Revision b3e5e3e6

b/QMP/qmp-spec.txt
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- Order of json-object members or json-array elements
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- Amount of errors generated by a command, that is, new errors can be added
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  to any existing command in newer versions of the Server
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6. Downstream extension of QMP
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------------------------------
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We recommend that downstream consumers of QEMU do *not* modify QMP.
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Management tools should be able to support both upstream and downstream
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versions of QMP without special logic, and downstream extensions are
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inherently at odds with that.
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However, we recognize that it is sometimes impossible for downstreams to
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avoid modifying QMP.  Both upstream and downstream need to take care to
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preserve long-term compatibility and interoperability.
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To help with that, QMP reserves JSON object member names beginning with
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'__' (double underscore) for downstream use ("downstream names").  This
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means upstream will never use any downstream names for its commands,
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arguments, errors, asynchronous events, and so forth.
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Any new names downstream wishes to add must begin with '__'.  To
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ensure compatibility with other downstreams, it is strongly
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recommended that you prefix your downstram names with '__RFQDN_' where
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RFQDN is a valid, reverse fully qualified domain name which you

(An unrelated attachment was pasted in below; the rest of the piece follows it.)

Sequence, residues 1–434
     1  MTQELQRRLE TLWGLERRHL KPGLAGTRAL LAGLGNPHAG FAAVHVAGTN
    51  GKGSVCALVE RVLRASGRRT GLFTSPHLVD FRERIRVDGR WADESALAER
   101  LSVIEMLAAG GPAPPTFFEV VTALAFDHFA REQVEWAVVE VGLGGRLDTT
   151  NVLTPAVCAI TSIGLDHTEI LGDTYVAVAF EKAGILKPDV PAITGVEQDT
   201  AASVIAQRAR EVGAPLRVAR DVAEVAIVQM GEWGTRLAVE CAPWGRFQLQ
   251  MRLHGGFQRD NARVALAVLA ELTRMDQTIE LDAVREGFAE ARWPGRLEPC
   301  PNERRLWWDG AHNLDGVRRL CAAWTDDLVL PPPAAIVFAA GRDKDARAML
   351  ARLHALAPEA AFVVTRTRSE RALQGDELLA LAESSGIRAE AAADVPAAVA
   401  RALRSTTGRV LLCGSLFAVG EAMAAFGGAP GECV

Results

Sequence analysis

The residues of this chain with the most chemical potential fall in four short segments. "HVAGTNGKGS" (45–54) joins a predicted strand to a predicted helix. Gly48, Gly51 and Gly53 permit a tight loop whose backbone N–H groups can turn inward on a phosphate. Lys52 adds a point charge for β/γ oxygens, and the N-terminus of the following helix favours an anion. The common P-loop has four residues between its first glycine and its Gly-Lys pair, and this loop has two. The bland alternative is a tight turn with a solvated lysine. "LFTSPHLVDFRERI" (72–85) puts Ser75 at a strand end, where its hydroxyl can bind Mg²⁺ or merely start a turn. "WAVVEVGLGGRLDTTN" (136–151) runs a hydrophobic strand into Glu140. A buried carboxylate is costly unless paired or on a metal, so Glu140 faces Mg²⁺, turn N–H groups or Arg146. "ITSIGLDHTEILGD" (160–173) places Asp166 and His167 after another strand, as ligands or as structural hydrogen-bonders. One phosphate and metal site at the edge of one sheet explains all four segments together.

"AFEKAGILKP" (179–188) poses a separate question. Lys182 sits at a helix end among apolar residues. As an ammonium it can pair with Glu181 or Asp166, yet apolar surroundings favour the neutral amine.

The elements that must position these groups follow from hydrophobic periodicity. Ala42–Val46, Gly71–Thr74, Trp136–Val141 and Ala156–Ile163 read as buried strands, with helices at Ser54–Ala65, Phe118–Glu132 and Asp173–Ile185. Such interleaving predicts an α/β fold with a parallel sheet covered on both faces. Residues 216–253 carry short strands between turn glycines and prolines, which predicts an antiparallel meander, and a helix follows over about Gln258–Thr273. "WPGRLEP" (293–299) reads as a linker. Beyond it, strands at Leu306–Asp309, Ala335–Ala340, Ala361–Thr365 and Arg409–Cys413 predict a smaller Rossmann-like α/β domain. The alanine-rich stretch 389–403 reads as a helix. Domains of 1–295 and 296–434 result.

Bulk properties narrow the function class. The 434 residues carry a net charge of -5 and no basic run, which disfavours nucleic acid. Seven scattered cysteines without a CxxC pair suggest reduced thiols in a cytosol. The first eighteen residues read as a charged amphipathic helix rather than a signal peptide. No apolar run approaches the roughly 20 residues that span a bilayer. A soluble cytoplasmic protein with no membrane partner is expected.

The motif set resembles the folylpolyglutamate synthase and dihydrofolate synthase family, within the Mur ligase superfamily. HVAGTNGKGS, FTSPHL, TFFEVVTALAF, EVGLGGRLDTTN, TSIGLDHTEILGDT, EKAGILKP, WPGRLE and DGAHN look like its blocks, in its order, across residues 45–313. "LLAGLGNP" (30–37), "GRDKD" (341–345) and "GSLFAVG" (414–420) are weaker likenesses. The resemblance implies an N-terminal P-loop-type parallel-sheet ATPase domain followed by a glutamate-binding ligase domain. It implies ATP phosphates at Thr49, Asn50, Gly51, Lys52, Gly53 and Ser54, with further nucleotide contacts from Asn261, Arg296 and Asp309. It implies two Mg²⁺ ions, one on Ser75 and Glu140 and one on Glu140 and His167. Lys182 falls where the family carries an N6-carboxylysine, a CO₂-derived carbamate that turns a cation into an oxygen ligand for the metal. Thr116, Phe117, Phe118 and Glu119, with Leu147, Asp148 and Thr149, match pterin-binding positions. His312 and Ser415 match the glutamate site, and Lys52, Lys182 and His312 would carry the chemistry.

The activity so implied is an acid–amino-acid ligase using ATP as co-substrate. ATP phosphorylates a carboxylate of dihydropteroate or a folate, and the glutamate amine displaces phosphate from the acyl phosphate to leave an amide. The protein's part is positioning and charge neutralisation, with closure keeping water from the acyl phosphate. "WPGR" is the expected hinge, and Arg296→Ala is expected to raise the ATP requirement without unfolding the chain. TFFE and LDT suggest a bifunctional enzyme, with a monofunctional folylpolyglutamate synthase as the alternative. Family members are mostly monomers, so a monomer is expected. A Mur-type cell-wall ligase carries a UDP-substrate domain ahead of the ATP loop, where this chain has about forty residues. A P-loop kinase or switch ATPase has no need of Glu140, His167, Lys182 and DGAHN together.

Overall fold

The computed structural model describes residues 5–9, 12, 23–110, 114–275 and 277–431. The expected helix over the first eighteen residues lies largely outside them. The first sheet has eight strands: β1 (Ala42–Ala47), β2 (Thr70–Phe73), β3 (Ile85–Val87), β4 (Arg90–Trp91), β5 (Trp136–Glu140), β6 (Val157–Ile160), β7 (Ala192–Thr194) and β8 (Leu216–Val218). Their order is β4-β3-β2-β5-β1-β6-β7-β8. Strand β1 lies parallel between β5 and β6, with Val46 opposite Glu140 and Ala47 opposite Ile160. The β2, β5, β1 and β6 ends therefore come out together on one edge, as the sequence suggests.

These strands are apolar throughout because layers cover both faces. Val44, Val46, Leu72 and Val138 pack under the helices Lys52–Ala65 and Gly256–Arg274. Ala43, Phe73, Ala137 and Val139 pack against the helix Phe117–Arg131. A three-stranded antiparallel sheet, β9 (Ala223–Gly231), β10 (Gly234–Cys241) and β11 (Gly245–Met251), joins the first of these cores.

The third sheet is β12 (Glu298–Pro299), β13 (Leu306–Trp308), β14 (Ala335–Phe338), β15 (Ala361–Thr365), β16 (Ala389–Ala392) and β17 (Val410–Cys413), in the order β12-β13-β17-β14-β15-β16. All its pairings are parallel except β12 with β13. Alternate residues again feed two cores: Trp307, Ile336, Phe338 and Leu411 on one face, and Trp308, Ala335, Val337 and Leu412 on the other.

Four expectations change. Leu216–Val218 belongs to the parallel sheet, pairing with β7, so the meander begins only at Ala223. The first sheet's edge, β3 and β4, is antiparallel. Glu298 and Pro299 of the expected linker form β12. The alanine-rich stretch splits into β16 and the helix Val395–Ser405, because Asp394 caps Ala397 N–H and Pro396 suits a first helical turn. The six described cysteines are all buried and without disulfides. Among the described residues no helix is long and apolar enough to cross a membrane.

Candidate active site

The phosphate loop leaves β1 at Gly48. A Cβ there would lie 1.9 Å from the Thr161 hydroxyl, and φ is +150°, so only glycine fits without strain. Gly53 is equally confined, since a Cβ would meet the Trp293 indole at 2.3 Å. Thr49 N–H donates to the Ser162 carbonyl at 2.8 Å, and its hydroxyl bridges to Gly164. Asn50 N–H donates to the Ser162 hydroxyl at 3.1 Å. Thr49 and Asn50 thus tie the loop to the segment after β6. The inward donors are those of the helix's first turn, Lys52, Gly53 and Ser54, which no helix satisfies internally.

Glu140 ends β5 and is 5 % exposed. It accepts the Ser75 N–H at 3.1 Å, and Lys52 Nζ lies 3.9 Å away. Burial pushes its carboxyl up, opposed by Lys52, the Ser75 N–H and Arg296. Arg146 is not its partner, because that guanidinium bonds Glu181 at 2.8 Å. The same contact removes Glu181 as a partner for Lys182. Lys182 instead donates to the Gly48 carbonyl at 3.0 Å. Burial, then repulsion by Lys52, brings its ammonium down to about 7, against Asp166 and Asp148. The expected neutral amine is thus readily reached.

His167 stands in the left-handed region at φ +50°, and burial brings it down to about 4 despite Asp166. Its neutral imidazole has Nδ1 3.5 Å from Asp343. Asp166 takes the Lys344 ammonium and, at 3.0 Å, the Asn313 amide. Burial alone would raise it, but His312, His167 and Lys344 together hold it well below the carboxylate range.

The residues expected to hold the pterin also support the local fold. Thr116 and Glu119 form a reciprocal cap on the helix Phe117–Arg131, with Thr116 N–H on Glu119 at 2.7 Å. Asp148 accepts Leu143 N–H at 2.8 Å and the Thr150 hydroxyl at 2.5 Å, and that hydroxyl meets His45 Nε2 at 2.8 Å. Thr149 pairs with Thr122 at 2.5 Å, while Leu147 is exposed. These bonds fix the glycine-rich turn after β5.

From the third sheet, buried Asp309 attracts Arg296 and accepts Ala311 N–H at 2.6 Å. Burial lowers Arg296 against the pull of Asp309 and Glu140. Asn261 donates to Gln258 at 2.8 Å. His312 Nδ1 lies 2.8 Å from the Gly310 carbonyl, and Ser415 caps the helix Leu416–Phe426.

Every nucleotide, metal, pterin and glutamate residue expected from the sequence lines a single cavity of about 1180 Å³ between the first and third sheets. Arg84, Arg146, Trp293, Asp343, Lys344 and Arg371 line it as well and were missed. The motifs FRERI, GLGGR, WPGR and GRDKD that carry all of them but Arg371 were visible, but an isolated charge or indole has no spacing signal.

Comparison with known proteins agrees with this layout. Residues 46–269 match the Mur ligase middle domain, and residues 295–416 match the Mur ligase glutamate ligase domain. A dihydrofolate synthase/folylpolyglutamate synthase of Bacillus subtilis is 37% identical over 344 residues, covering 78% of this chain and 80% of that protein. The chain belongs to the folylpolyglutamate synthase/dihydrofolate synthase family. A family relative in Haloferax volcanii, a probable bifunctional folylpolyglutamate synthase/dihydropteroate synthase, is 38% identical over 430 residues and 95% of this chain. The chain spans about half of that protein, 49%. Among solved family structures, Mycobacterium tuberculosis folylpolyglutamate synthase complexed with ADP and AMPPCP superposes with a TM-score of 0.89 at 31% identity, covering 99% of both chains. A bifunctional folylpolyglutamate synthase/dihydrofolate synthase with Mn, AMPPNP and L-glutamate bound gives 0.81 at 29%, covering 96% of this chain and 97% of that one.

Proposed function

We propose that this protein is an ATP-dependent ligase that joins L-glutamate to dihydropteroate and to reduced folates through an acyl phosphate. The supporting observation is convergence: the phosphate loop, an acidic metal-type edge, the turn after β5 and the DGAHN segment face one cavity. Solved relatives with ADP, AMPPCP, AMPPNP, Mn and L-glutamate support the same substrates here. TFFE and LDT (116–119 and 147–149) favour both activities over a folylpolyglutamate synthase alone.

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control.  For example, a qemu-kvm specific monitor command would be:
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    (qemu) __org.linux-kvm_enable_irqchip
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Downstream must not change the server greeting (section 2.2) other than
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to offer additional capabilities.  But see below for why even that is
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discouraged.
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Section '5 Compatibility Considerations' applies to downstream as well
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as to upstream, obviously.  It follows that downstream must behave
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exactly like upstream for any input not containing members with
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downstream names ("downstream members"), except it may add members
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with downstream names to its output.
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Thus, a client should not be able to distinguish downstream from
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upstream as long as it doesn't send input with downstream members, and
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properly ignores any downstream members in the output it receives.
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Advice on downstream modifications:
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1. Introducing new commands is okay.  If you want to extend an existing
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   command, consider introducing a new one with the new behaviour
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   instead.
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2. Introducing new asynchronous messages is okay.  If you want to extend
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   an existing message, consider adding a new one instead.
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3. Introducing new errors for use in new commands is okay.  Adding new
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   errors to existing commands counts as extension, so 1. applies.
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4. New capabilities are strongly discouraged.  Capabilities are for
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   evolving the basic protocol, and multiple diverging basic protocol
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   dialects are most undesirable.

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